|The country bumpkin meets the city slicker|
In part as a result of this, the American stage developed a long tradition of comic skits involving a "city slicker" from the urban north being taken to town (or away from it, rather) by a seemingly bumpkinish rural denizen. Many of these skits, and lines from them, still ring a distant bell today: "How far to Little Rock?" or "You can't get there from here." To the city slicker's "Have you lived here all your life" came the rube's reply: Not yet!" The practitioners of the comic "southern" accent today, from Jeff Foxworthy to Larry the Cable Guy, draw upon this same old story. These identical skits were just as popular on early recordings, such as this one.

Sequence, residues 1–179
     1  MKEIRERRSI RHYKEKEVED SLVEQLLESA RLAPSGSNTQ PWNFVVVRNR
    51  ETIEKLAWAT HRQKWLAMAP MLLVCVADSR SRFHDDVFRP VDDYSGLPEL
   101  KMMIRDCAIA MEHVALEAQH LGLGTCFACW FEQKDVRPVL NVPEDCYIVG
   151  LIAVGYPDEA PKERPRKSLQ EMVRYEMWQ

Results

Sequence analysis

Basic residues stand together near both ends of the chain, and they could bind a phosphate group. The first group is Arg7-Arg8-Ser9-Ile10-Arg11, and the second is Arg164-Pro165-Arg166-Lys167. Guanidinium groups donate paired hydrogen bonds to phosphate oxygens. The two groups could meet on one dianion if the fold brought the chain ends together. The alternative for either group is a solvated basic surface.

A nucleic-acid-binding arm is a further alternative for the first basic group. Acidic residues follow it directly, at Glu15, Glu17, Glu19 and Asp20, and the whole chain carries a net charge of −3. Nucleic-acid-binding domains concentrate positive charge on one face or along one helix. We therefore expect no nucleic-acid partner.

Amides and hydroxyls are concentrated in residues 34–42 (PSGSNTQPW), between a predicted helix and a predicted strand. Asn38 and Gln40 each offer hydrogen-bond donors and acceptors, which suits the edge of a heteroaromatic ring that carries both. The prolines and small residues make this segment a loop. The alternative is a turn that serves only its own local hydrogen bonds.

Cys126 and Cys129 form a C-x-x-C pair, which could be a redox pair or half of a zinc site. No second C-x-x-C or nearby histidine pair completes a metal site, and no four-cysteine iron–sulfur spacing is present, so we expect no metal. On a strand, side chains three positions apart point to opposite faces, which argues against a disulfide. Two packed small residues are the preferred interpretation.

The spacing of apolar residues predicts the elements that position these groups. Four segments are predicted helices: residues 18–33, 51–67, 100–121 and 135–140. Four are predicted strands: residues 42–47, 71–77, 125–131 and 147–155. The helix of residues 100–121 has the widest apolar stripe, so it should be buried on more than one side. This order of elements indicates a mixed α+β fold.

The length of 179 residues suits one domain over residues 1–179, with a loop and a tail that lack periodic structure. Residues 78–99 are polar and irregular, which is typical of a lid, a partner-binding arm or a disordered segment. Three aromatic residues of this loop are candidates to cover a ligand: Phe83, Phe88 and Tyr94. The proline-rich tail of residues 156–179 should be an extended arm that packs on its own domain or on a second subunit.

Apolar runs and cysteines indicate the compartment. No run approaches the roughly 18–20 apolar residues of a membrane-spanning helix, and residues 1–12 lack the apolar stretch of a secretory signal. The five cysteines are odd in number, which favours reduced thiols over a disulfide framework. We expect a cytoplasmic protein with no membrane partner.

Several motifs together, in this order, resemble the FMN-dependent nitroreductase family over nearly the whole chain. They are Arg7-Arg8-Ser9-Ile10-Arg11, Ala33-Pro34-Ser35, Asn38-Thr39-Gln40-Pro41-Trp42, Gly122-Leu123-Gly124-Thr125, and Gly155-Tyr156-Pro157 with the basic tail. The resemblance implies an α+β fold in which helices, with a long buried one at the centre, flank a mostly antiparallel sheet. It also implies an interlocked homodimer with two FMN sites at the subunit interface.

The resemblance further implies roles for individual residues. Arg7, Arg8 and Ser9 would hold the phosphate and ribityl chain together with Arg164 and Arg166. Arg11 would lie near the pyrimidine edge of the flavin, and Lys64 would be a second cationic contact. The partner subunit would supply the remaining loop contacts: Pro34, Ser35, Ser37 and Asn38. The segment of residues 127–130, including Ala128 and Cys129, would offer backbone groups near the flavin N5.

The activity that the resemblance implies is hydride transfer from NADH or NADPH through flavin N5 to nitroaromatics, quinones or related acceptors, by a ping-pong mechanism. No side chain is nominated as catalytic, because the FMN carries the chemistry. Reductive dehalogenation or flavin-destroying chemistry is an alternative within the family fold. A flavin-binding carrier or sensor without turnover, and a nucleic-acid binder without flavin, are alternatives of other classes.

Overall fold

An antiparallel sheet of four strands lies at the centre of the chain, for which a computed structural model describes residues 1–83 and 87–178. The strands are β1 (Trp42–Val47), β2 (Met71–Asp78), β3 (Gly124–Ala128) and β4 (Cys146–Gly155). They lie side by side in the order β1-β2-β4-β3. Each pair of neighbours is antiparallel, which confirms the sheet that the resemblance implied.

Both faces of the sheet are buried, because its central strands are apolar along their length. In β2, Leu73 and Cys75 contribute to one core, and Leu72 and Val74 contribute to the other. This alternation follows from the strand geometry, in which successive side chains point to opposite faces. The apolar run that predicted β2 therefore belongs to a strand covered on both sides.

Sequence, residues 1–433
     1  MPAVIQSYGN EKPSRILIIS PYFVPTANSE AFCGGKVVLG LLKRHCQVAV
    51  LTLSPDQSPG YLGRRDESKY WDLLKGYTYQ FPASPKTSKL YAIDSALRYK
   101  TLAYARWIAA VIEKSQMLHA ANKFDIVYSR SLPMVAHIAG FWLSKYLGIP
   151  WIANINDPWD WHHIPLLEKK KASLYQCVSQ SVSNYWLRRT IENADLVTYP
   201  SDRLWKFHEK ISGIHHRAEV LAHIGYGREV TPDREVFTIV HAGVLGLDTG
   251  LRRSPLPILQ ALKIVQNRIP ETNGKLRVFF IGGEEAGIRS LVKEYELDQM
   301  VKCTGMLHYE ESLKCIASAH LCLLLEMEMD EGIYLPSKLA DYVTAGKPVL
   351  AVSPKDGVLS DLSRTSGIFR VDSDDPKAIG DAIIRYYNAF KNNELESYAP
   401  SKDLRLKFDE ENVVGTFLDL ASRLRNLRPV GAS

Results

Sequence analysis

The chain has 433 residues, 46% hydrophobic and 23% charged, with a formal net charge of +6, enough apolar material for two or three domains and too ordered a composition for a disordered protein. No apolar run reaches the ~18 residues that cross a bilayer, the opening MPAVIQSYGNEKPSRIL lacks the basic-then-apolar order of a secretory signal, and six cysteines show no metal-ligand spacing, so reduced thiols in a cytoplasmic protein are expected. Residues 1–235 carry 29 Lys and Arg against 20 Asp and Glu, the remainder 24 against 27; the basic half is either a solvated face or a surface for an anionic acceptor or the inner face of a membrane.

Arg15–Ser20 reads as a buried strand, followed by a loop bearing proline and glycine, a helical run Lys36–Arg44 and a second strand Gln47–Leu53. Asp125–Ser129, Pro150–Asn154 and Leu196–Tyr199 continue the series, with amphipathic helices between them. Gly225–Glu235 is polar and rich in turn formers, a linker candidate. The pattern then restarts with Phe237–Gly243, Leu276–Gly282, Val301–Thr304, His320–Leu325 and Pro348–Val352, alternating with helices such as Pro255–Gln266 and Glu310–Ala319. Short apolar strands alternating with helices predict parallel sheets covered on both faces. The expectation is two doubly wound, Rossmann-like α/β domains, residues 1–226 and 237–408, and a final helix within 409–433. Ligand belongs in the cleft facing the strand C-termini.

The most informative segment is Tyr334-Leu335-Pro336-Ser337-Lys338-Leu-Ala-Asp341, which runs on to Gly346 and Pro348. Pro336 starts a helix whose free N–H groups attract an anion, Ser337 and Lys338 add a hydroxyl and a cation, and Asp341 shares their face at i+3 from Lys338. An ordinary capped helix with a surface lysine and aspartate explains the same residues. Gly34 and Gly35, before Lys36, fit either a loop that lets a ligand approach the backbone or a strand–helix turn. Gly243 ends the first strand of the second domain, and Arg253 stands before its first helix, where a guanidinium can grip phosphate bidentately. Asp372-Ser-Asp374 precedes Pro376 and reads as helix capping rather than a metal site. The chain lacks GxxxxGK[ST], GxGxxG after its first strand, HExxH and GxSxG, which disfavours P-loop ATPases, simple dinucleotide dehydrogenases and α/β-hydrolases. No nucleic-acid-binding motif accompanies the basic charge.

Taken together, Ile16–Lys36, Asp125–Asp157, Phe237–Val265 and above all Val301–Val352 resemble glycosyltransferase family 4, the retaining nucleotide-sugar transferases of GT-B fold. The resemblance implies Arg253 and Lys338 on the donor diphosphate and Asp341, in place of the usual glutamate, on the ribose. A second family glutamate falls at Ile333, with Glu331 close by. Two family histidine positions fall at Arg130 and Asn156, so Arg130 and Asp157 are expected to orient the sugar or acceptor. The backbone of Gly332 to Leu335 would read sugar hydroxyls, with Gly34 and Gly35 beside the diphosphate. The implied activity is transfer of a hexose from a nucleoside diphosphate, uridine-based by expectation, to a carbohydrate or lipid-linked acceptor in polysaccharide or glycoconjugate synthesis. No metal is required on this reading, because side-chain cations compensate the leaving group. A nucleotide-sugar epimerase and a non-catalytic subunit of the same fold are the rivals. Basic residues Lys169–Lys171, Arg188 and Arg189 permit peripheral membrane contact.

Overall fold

It can be traced in cartoons and television shows as well, within which there is -- perhaps -- a gradual transition from more comic to more respectful depictions of southern speech and life. From the comic "Beverly Hillbillies" or "Hee-Haw," we moved on to comedy-dramas such as "Designing Women" or "Evening Shade," with even a purely dramatic show ("In the Heat of the Night") now and then. And, as with AAVE, the comedy on stage and screen belies potential prejudice in social life; a "southern" accent can still be read as the speech of a less intelligent, less well-educated person. It's something that's been found in children as young as five years of age, due no doubt in part to their exposure to stereotyped accents in cartoons.